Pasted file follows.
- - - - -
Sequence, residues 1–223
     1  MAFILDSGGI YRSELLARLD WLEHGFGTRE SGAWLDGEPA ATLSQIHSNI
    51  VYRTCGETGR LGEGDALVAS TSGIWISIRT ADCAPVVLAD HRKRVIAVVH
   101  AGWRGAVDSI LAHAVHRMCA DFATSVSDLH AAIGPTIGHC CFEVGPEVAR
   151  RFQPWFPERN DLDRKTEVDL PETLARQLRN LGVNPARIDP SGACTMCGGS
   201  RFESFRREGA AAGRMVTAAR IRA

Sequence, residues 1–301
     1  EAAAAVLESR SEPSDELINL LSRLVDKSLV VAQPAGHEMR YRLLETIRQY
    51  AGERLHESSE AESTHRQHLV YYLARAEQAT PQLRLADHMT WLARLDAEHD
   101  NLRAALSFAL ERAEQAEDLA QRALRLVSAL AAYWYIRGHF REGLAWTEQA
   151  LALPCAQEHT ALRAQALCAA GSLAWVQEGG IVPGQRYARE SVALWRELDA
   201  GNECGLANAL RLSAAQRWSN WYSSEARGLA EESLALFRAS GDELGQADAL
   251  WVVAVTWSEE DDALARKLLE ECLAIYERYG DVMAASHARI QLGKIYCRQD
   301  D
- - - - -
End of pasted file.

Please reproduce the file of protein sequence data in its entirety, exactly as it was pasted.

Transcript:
Sequence, residues 1–223
     1  MAFILDSGGI YRSELLARLD WLEHGFGTRE SGAWLDGEPA ATLSQIHSNI
    51  VYRTCGETGR LGEGDALVAS TSGIWISIRT ADCAPVVLAD HRKRVIAVVH
   101  AGWRGAVDSI LAHAVHRMCA DFATSVSDLH AAIGPTIGHC CFEVGPEVAR
   151  RFQPWFPERN DLDRKTEVDL PETLARQLRN LGVNPARIDP SGACTMCGGS
   201  RFESFRREGA AAGRMVTAAR IRA

Sequence, residues 1–301
     1  EAAAAVLESR SEPSDELINL LSRLVDKSLV VAQPAGHEMR YRLLETIRQY
    51  AGERLHESSE AESTHRQHLV YYLARAEQAT PQLRLADHMT WLARLDAEHD
   101  NLRAALSFAL ERAEQAEDLA QRALRLVSAL AAYWYIRGHF REGLAWTEQA
   151  LALPCAQEHT ALRAQALCAA GSLAWVQEGG IVPGQRYARE SVALWRELDA
   201  GNECGLANAL RLSAAQRWSN WYSSEARGLA EESLALFRAS GDELGQADAL
   251  WVVAVTWSEE DDALARKLLE ECLAIYERYG DVMAASHARI QLGKIYCRQD
   301  D